Recently I taught my “Get Certified!” course at this year’s Dance Vision Dance Camp in Las Vegas. I was scheduled to examine a couple for their Silver International Latin certification. The dancers expressed concerns about their readiness, so we arranged a meeting.
The couple turned out to be Ukalina Celine Opuwari and Nnamdi Nweke from Lagos, Nigeria. UK and Ice (their nicknames) work for the Society for the Performing Arts in Nigeria. There they perform and teach many styles of dance, from ballet to ballroom to hip hop.
During our meeting, I got to know them, their background and their dream of developing ballroom dancing in Nigeria. They shared that one of their greatest obstacles: Nigerian culture is not big on structure. Just to give you an example, here’s what their traffic situation looks like:
So it’s not surprising that Nigerian dance training isn’t structured either. UK and Ice want to grow ballroom dancing in Nigeria the right way—with a program that is organized and thorough.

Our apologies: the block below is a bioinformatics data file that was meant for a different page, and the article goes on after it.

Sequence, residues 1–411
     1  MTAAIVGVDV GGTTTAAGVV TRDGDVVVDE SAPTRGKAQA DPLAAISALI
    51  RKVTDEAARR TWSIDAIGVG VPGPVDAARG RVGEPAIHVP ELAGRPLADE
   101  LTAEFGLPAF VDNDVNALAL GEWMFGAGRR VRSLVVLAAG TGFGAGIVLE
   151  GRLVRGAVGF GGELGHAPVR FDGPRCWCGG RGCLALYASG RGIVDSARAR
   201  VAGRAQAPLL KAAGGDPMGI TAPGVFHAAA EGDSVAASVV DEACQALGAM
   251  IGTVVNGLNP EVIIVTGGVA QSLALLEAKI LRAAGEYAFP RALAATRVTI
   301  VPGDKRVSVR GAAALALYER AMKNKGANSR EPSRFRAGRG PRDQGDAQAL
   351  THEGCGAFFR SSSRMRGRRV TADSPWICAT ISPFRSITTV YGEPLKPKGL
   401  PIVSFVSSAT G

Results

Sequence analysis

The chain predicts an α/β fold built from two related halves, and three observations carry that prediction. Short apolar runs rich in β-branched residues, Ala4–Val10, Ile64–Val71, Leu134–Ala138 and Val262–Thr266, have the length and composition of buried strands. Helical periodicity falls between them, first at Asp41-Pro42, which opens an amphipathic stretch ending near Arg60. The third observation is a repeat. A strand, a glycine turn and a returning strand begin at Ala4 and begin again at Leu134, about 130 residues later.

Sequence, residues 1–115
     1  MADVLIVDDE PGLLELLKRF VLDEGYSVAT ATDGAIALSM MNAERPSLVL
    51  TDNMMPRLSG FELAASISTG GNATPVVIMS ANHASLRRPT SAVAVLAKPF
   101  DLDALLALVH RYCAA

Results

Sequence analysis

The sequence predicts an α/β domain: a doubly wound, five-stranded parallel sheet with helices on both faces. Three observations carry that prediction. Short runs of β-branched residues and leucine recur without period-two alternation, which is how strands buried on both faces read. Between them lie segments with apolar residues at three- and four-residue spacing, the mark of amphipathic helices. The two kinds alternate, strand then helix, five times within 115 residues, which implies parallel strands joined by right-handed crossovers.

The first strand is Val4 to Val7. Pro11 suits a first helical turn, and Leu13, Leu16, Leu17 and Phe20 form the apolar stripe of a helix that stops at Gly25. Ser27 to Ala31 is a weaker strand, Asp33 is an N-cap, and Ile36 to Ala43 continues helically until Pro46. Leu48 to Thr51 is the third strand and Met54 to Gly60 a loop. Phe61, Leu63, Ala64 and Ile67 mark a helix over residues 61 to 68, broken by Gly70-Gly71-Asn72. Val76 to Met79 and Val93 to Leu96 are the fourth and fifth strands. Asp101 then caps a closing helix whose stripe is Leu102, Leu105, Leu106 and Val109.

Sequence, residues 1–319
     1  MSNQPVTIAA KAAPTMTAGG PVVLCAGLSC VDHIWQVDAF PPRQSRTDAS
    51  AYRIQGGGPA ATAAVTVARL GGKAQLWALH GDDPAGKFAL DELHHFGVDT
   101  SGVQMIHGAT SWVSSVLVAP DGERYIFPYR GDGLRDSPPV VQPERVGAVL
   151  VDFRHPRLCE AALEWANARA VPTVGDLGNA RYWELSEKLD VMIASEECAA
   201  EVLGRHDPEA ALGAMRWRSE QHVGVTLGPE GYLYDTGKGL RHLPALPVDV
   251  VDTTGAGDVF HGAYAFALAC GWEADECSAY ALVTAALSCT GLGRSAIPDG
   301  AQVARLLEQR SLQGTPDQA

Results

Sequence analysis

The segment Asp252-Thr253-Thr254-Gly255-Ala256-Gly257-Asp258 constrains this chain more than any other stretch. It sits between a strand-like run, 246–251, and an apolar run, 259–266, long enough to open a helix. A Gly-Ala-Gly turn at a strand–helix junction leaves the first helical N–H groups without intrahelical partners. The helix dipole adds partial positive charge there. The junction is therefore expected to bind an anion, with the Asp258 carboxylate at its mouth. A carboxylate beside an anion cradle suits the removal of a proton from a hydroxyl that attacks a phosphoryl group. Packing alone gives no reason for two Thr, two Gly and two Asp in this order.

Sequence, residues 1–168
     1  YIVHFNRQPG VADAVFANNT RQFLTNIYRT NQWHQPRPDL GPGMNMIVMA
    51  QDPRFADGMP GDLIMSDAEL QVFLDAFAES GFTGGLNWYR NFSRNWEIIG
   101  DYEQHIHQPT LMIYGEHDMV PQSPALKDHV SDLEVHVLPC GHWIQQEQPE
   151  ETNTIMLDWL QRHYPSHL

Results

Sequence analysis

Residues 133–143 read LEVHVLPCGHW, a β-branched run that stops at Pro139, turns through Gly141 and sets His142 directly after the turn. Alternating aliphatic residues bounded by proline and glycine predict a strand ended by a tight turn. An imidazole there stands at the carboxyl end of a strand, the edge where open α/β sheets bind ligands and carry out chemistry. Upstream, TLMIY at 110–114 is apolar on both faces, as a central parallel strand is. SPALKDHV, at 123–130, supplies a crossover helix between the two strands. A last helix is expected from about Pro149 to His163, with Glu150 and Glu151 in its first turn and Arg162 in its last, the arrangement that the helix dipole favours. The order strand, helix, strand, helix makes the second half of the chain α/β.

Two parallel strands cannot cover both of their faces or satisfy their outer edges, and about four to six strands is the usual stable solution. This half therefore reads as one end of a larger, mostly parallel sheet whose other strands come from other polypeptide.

Excited to support them in their effort, I invited the pair to come train with me in the San Francisco Bay Area before returning to Nigeria. They agreed, took the 14-hour bus ride from Las Vegas to Oakland, and worked with me for an entire week.
At first UK and Ice struggled with the formal ballroom terminology and the detailed amounts of turn, footwork and leads in the dance manual. But, like learning a new language, soon they were speaking the dance elements fluently.
Through this process, their dancing started to clean up, becoming more precise and articulate. They were stunned at the difference studying from a manual made in their dancing. They could clearly see how this would change their teaching methodology as well.
I’m committed to helping UK and Ice establish a systematic way of teaching ballroom dancing in Nigeria. They have seen how empowering studying the dance syllabus and understanding every aspect of a figure can be. While they both have incredible natural ability, charisma, and artistry, they realize these attributes are not enough to excel in the world of Ballroom and Latin dancing.
I respect UK and Ice for their willingness to think in a new way and take on the work to achieve their dream. With their new certifications and pride in their knowledge and accomplishments, I’m confident these two will attain their goal. Keep your eyes out—you’re sure to be seeing more of this dynamic duo! Watch them dance a Rumba here.